Nat Vazer       

Nat Vazer is a singer-songwriter from Melbourne, Australia. At the age of 5, Vazer started learning classical piano but became fascinated with an eclectic variety of artists having grown up in a household with her family’s 60s and 80s record collection. A self-taught guitarist, she stole her father’s guitar during high school and started to learn Nirvana, The Strokes and Death Cab For Cutie based off internet guitar tabs.

She soon began writing songs in highschool bands and recording on her computer using built-in microphones and free software. From there, her DIY ethic and love for recording in unorthodox places was born.

Vazer has been described by the magazine WithGuitars as "a warm, charismatic, and contemplative singer songwriter with a penchant for writing charmingly rebellious tunes about the ironies of everyday life". Known to defy stereotypes, Vazer's music joins precise guitar melodies with "grungy yet blissful" vocals in "a mix of edgy, light and bubbly".   

 

Vazer’s debut album ‘Is This Offensive And Loud?’ has been named one of the best albums of 2020 by NME Australia and The Music (AU).

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Is This Offensive And Loud?

Perpetual Doom is pleased to present the cassette release of Nat Vazer’s Is This Offensive and Loud? Recorded with producer Robert Muiños (Julia Jacklin, Jess Locke) and mixed by Ali Chant (Aldous Harding, Soccer Mommy, Perfume Genius), the Melbourne musician’s debut album has been hailed by NME Australia and The Music (AU) as one of the best releases of the year.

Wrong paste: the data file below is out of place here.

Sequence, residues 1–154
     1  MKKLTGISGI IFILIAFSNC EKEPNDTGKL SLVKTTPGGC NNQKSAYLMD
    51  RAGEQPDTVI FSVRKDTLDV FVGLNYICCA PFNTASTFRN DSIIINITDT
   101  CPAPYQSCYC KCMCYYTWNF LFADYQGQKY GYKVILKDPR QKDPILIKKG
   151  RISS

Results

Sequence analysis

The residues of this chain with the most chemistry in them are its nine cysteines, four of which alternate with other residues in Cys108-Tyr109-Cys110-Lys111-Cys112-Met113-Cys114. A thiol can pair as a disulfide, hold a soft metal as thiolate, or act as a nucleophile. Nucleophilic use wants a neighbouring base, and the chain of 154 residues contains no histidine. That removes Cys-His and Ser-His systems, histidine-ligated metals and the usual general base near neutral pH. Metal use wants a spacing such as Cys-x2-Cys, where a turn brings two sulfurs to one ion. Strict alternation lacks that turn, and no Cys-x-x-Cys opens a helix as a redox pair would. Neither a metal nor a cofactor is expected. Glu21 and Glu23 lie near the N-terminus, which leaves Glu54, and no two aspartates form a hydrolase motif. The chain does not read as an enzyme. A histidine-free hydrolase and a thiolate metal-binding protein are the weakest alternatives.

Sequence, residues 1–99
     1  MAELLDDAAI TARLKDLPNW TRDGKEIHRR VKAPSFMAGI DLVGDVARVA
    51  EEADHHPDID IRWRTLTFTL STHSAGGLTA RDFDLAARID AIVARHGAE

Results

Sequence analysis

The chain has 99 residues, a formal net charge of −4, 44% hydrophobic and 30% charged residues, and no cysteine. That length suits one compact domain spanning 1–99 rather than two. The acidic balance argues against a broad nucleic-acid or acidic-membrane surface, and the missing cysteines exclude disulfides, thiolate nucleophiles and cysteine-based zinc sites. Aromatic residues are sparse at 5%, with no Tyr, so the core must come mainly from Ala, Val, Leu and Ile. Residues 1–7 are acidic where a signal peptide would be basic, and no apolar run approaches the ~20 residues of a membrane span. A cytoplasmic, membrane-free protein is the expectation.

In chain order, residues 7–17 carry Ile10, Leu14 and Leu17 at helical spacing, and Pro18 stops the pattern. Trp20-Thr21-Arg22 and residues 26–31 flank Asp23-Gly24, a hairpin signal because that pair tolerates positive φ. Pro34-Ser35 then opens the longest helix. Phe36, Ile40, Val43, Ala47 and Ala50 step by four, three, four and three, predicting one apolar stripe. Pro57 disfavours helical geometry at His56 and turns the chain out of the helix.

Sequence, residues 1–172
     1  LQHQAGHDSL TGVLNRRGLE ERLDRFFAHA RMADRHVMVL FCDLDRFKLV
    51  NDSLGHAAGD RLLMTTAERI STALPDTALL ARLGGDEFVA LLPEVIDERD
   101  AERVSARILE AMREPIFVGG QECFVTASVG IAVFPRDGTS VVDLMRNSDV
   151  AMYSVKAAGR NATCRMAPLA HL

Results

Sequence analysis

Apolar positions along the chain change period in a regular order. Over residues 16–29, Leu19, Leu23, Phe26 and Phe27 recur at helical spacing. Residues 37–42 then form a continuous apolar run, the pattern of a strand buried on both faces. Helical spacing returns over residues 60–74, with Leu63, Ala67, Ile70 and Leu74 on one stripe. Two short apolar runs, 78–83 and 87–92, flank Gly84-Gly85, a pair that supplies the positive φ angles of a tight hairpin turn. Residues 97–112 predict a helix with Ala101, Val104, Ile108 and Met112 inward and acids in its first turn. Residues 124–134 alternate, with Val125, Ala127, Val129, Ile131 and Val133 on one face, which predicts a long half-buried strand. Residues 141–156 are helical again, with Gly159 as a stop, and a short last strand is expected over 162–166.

Are you out of fucks to give? Nat Vazer knows the feeling. Few records capture the “Spirit of 2020” like Is This Offensive and Loud?, songs written for a year of uncertainties and doubts. Laying aside her career as a lawyer in Australia, Nat wrote this album on a sojourn in North America. As a result, the tracks bear the imprint of the uneasy work of self-definition. Don’t be fooled by the glimmering guitar and fulsome production—this is a record of hard things. Although “Like Demi” opens with a hushed voice over gentle strums, as Nat sings about cutting her “hair so short like Demi Moore in ‘Ghost’,” the nostalgia is only a cover for defiance: “And people would ask if I was a boy / And I would ask them ‘why?” As in: Why does it matter how I define myself? Why do you care? Why should I? It’s questions like these that propel this search for assurance, identity, and power. Questions like those that deride platitudinous overtures to diversity on the brazen jam-out “Grateful”: “I should be grateful? Grateful to my own mother? Grateful to fill the quota?” Or the questions that structure the mournful slow burn “Better Now,” which searches for hope amidst a litany of all-too-familiar forms of contemporary violence. Or those that underpin the struggles of familial illness on “Mother.” 

 

But Is This Offensive and Loud? suggests the best remedies for anxious uncertainty are a gorgeous sonic canvas, unrelenting hooks, and joyous creativity. Every track pursues honesty through craftsmanship. Lead single “Higher Places” wraps its melancholy within an indelible melody buoyed by tambourine. “Floating On A Highway,” a delicate love song, arrives awash in rain. It all adds up to a definitive personal statement and effortless pop pleasure. Is it offensive and loud? Of course it is. What else would you want?

 

Release Date: October 30, 2020

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© 2020 by Perpetual Doom

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